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“Our Holy City”

June 15, 2011

During the first months of 1948, as the Jewish Yishuv and the Palestinians fought the first part of the war which Israelis call their War of Independence and the Palestinians call the Naqba, and as the British were winding down their Mandate, Henry Kendall, an architect and city planner working for the British administration, wrote a book titled Jerusalem, The City Plan; Preservation and Development During the British Mandate 1918-1948. It was published later that year in London, by His Majesty’s Stationary Office, and was 123 pages long, including many photographs, maps and diagrams.

General Sir Alan Gordon Cunningham, K.C.B., D.S.O., M.C. (who was the last High Commissioner for Palestine) wrote a short Forward to the book:

I write these lines under the shadow of the British withdrawal from Palestine and therefore welcome the opportunity given me to remark on one feature of the administration here which has been persistently pursued, without regard to politics or schism, by the selfless devotion of individuals of all races and creeds.

The City of Jerusalem, precious as an emblem of several faiths, a site of spiritual beauty lovingly preserved over the ages by many men’s hands, has been in our care as a sacred trust for 30 years. In these pages will be found an important part of the story of the discharge of that trust, of the efforts made to conserve the old while adding the new in keeping with it, of the process of marrying modern progress with treasured antiquity.

Let old Jerusalem stand firm, and new Jerusalem grow in Grace! To this fervent prayer I add the hope that the accomplishments and labours of the years covered in this book may be considered worthy to act s an inspiration and an example to the future generations in whose care our Holy City must rest.

The copy of the book which resides in the Yad Ben Zvi library in Rehavia has a handwritten Hebrew dedication:

לרחל בן צבי, מאת דב יוסף, בידידות. תשרי תש”ט

To Rachel Ben Zvi [a legendary figure of early Zionism and the wife of Yitzchak Ben Zvi who would be Israel’s 2nd president] from Dov Yosef [one of the powerful leaders of Mapai, the ruling party in Israel at the time] in friendship, September 1948.

I have no idea how Dov Yosef came to posses the book; he clearly didn’t see any need to keep it himself, since he presented it to Ben Zvi within months of its coming off the printing press.

One could write an entire article about Cunningham’s forward, but not today. For the time being, it’s enough to savor the multi-layered statement in its own words.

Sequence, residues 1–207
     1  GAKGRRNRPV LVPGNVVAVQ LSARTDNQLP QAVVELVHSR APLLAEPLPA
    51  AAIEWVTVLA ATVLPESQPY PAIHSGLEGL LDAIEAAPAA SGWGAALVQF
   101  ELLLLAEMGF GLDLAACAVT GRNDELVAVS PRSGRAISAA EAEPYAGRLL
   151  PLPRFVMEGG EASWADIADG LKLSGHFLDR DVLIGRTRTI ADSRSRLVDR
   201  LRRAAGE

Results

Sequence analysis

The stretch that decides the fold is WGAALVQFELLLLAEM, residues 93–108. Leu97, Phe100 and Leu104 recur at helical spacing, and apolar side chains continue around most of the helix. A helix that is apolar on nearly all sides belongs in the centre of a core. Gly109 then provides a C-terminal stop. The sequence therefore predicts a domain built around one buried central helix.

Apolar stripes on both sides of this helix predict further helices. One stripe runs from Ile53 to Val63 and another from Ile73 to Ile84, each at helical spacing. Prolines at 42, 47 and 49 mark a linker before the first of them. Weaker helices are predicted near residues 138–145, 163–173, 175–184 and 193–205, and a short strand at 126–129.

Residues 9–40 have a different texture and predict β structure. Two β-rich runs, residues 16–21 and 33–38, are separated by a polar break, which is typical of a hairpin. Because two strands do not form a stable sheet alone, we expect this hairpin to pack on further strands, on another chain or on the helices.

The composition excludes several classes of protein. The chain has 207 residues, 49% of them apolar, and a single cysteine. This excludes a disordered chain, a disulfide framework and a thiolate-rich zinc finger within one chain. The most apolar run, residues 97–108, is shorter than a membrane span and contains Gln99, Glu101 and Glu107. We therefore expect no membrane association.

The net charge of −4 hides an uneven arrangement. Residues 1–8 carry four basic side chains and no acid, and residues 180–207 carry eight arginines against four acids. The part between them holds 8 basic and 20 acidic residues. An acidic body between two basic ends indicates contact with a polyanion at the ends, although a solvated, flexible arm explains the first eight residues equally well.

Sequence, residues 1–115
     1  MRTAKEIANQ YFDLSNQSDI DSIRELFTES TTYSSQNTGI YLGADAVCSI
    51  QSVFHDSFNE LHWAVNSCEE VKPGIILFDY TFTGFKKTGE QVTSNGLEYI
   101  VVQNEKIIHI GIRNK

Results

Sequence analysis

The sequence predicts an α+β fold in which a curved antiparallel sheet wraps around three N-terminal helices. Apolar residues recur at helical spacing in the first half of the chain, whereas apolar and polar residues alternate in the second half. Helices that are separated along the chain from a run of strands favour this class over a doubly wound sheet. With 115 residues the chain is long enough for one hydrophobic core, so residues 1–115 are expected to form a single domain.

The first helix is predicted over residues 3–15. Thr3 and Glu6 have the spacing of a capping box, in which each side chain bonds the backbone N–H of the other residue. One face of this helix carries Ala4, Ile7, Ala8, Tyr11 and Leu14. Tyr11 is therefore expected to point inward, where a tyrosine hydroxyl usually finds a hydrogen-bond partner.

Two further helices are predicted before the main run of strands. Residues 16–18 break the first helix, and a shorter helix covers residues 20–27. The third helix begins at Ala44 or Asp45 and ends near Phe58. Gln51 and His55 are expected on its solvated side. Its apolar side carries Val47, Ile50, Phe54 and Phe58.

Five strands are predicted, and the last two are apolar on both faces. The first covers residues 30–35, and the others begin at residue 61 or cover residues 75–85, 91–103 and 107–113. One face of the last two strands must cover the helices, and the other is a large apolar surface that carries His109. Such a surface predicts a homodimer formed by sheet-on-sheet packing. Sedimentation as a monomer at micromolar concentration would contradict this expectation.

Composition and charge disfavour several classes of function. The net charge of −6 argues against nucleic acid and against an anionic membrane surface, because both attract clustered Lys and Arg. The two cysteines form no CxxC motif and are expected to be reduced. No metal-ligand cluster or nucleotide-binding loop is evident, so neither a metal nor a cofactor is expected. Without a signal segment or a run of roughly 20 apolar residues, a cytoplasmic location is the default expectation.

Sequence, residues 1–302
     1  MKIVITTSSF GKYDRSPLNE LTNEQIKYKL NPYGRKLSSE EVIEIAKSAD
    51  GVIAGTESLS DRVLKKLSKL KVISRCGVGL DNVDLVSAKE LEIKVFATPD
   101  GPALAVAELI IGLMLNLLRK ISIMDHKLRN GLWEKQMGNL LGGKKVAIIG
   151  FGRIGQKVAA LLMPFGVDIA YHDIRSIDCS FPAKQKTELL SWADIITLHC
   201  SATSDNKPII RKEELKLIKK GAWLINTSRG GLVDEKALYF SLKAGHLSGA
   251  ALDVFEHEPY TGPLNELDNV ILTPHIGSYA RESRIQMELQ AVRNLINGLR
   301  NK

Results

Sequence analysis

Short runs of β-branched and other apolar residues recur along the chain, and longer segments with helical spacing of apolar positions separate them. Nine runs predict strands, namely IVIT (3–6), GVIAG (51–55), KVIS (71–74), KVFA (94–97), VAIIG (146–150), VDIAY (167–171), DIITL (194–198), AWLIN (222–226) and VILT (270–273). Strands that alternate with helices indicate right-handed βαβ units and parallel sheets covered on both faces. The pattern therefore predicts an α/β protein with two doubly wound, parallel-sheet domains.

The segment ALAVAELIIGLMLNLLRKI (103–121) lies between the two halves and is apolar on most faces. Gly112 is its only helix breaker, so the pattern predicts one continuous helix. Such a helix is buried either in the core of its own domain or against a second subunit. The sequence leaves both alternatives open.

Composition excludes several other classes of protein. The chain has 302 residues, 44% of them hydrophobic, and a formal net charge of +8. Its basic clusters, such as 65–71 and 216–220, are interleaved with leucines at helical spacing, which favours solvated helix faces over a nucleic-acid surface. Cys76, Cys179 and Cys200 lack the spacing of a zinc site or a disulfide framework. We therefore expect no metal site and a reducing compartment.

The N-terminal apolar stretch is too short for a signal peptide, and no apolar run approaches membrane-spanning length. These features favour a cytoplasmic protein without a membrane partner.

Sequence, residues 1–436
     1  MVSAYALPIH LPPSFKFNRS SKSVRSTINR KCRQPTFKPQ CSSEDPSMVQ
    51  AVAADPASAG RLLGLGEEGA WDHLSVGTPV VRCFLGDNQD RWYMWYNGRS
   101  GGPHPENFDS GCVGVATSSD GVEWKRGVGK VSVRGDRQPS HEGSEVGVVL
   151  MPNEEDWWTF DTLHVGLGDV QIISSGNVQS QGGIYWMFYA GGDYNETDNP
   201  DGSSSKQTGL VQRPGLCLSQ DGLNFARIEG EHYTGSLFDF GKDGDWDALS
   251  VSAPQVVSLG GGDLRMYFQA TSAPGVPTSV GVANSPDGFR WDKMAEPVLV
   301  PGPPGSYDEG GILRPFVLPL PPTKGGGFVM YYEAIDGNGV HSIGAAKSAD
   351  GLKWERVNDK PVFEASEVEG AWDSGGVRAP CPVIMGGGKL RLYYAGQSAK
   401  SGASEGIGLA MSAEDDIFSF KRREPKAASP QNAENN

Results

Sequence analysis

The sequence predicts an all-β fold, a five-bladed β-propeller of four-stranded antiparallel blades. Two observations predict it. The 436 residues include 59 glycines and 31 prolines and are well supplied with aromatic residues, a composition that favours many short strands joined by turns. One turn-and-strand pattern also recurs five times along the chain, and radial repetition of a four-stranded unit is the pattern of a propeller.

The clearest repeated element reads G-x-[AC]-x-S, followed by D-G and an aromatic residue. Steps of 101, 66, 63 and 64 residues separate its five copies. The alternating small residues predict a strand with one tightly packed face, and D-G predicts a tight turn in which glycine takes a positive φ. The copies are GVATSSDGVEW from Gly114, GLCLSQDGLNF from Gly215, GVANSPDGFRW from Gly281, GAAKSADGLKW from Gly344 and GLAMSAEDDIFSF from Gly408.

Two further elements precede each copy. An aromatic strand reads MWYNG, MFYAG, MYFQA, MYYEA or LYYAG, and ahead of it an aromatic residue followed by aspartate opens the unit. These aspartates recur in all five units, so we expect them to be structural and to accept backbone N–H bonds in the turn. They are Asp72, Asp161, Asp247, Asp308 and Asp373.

8 Comments leave one →
  1. Avi in Jerusalem permalink
    June 15, 2011 5:13 pm

    As a Jew living in Jerusalem having been born and brought up in the UK, I would look at the introduction in both the long and short term perspectives. In the long term, 30 years is nothing in the history of Jerusalem. I have lived here for that long. On the other hand, the damage that the English rulers managed to cause in that short period of time has been massive.

  2. Nycerbarb permalink
    June 16, 2011 1:23 am

    Wow! What a find!


  3. T34 permalink
    June 16, 2011 12:48 pm

    That’s the second time I’ve seen Ben Zvi and his institute mentioned recently, they’re referenced in Martin Gilbert’s “Ishmael’s House”, in a section on Shabazi. A pity more of the Institute’s website isn’t available in English, there are some interesting photographs online, especially from North Africa. There’s even an online catalogue for the library, but all the search options are in Hebrew only, although the engine itself will take Latin letters.

    Btw, Cunningham seems a rather odd choice to have been appointed High Commissioner.

  4. Joe in Australia permalink
    June 16, 2011 3:10 pm

    The “future generations” he’s talking about were presumably the Jordanians.

    • June 16, 2011 4:00 pm

      Actually, he was likely thinking of the UN, whoever they might be. There’s no reason to think he had the Israelis in mind, in any case, so it’s nice to note that we’ve been in town for 63 or 44 years, respectively, and in any case longer than the Brits. Still going strong, too.

      • June 17, 2011 2:02 am

        The context was that he’d been praying, and by his “grow in Grace” expression, he appears to be a Christian and so given his use of “must rest,” to me thru my Christian lens, he seems to have meant the future generations of humanity during the Times of the Gentiles that the Bible says “must” happen before Messiah reigns from Jerusalem. I’m intrigued (and disturbed) by his use of “*our* Holy City,” but perhaps like many Brits during that time, he subscribed to British-Israelism theology.

  5. Barry Meislin permalink
    June 16, 2011 6:34 pm

    During the first months of 1948, as the Jewish Yishuv and the Palestinians fought…

    Not an entirely accurate formulation, since both the Jews of the Yishuv and the Arabs of the Palestinian Mandate were considered “Palestinians” (at least, officially—hence the designation of Mandatory Palestine as “Palestine-Eretz Israel” or “Palestine E.I.” on the postage stamps and other documents of the period).

    The Palestinian Arabs of the Mandate period, and in fact, up until just before the Six-Day War refused, ironically, to be categorized as “Palestinians,” considering themselves instead as part of the larger Arab ummah.

    (Needless, to say, attitudes have changed since then, though whether this is due to genuine identity or strategic posturing is open to debate.)

    In any event, it would be more accurate to say something like:

    During the first months of 1948, as the Jewish Yishuv and the Palestinian Arabs and their supporters fought…


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